Saroj Khan's Matak-Jhatak
- Shanta Serbjeet Singh, New Delhi
e-mail: shanta.serbjeetsingh@gmail.com

January 15, 2010

2009's end came on a frenetic note, with many diplomatic missions, the  raunak of Delhi, in an overdrive that is typical for this season.  And then, of course, the several cultural activities that are 'normal' for this peak Delhi season.The 31st found me in Chennai for the valedictory address of this year's annual dance conference of the Krishna Gana Sabha.  Convenor Ananda Shankar Jayant, as convenor, did a great job in this, the concluding episode of her two year term.  She called the event "Dance Matters" and matters concerning dance, from copyright issues to the lure of Bollywood, in the form of Saroj Khan, from the current scenario of dance schools mushrooming even as performance spaces shrink, from how young gurus are handling the aspirations and behaviour of Gen Next  to how experts like Sadanand Menon and Gautam Bhattacharya can help dancers light up the stage to their advantage.  

From hosting and managing hordes of participants from all over the world, dancers like Ramli Ibrahim from Malaysia, Americas-based, NRI dancers such as Uttara Asha Coorlawala from New York, Lata Pada from Canada, dance professor Hari Krishnan, also from Canada, Ratna Papa Kumar from Houston, Aravinth Kumaraswamy from Singapore, Siri Rama from Hong Kong....all milling around and having a whale of a time, enjoying the famous 'season,' te-teing with Indian dancers, also from all over the country.  There was Astad Deboo, Ramaa Bharadvaj, Chennai stalwarts Padma Subrahmanyam, Chitra Visweswaran, the Dhananjayans, who, incidentally, will handle the Natya Kala Conference for the next two years, Geeta Chandran, Padmini Chettur, the critics, Leela Venkataraman, Sunil Kothari, Sadanand Menon...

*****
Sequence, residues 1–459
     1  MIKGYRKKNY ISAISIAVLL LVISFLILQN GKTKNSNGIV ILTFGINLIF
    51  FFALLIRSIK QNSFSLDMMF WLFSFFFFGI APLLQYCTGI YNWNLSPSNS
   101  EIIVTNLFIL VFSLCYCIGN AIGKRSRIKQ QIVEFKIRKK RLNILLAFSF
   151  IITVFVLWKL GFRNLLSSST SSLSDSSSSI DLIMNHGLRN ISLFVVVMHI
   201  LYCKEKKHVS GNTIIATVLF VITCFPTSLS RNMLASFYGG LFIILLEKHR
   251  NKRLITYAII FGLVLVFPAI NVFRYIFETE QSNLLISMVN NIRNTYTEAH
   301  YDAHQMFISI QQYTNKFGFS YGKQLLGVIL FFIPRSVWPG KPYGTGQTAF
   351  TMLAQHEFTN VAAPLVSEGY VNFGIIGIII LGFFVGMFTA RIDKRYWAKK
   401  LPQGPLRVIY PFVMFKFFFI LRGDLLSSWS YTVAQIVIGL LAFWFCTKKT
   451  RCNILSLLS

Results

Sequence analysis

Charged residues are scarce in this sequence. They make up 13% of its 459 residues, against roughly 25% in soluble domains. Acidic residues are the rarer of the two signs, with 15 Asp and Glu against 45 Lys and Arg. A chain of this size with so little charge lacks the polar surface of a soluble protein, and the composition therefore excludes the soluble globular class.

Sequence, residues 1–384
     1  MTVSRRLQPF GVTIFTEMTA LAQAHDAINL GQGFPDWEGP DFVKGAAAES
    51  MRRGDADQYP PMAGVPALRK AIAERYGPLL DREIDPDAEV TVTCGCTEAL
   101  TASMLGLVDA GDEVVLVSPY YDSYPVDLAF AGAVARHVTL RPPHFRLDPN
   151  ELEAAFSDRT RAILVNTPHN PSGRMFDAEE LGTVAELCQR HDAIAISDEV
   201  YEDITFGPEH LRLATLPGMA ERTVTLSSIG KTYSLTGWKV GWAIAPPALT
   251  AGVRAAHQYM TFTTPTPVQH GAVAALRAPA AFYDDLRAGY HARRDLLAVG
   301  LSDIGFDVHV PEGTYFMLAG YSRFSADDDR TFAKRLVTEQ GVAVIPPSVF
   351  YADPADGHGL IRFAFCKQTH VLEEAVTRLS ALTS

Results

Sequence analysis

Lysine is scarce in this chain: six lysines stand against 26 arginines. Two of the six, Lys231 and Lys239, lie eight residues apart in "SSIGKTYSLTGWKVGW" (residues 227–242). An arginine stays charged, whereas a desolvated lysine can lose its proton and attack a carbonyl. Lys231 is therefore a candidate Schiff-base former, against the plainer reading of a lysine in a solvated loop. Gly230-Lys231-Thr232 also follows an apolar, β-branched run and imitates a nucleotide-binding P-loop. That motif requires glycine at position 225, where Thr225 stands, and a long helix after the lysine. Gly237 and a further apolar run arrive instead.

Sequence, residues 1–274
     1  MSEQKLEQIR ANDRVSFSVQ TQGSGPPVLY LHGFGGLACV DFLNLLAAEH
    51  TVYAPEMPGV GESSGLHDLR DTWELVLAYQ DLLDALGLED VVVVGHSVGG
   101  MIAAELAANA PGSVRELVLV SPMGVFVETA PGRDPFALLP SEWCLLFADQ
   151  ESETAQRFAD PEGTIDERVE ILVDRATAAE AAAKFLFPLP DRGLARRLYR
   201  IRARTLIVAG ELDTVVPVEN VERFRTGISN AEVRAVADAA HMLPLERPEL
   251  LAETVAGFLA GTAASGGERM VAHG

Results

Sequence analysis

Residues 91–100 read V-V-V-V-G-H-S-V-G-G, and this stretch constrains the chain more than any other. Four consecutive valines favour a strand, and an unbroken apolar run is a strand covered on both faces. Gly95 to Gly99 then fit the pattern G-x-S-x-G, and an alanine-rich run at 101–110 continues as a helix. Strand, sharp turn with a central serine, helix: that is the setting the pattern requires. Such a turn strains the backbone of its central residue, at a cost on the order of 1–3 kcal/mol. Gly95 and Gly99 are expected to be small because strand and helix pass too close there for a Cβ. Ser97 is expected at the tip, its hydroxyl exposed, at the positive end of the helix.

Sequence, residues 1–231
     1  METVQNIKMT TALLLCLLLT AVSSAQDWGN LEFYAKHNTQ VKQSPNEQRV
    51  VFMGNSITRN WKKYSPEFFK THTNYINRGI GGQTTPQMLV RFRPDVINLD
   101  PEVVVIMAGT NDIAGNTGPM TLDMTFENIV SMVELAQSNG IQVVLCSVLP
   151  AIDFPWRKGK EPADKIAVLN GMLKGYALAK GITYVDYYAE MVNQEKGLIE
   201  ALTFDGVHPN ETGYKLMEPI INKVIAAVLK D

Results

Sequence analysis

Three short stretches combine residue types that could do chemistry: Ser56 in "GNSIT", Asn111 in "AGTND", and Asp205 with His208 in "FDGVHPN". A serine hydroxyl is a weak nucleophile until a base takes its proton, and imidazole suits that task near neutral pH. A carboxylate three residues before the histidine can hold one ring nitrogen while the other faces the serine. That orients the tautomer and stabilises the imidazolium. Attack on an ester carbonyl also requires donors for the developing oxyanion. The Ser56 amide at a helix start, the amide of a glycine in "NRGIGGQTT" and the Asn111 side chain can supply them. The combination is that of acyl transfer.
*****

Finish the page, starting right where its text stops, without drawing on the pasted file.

And then, Ananda's coup de grace ...Saroj Khan in this sanctum sanctorum of conservatism and primness!Popular choreographer Saroj, who claims she is 'self taught' but has actually trained in Kathak with traditional gurus based in Bombay in the 50s, was dressed in a simple white kurta-salwar.  She had all those pads of fat in her body that are an inevitable part of advancing age.  She brought with her a troupe of six dancers, short and rather fat who do the ‘padding’ in her filmy choreographies.  They did many routine numbers made famous by Saroj Khan such as "Ek, Do,Teen" and "Dhola re..."But they brought only yawns to the faces of the cognoscenti and the professional dancers who filled the hall.  And then came the moment of metamorphosis.Saroj agreed to a firmaish and danced an item.  She moved, slowly, languorously, simply, naturally to the song and beat of  "Jiya Jale..." from Devdas.  And that magical moment resulted, one which happens rarely and which is instantly recognizable –when it does happen! Atta girl, Saroj Khan!

The Arts of Enamelling
Enamelling as an art doesn't look at all complicated.  It looks beautiful, yes, especially when a master artist crafts something, be it a piece of jewellery or a mobile for the garden or the terrace, or a tall piece that catches your eye in a rich person’s drawing room or a single, delicate flower on a metal stem. All the same, you don't really stop to think of how complicated it actually is!

The art of Delhi's Veena Shah makes you think about what lies behind the passion with which she has served her muse for four decades.  And the result is not only art objects imbued with original patterns and shapes but freshness which comes from the medium itself.  Combined with Shah's aesthetics, it not only catches your eye but drives you to knowing more about the technique behind the work.  So you ask questions and are surprised to learn that enamel is basically glass, crushed to a powder somewhat finer than granulated sugar and somewhat coarser than flour.  This powder is applied, by one of several methods, to the metal surface.  Next, the article is heated to 1000-1600 F,  either in a preheated furnace, or with a hand-held torch.  After 1-1/2 to 10 minutes, the article is removed and allowed to cool to room temperature.  Subsequent coats, normally of different colors, are applied.  Sometimes 10-20 firings are required to bring about the desired results.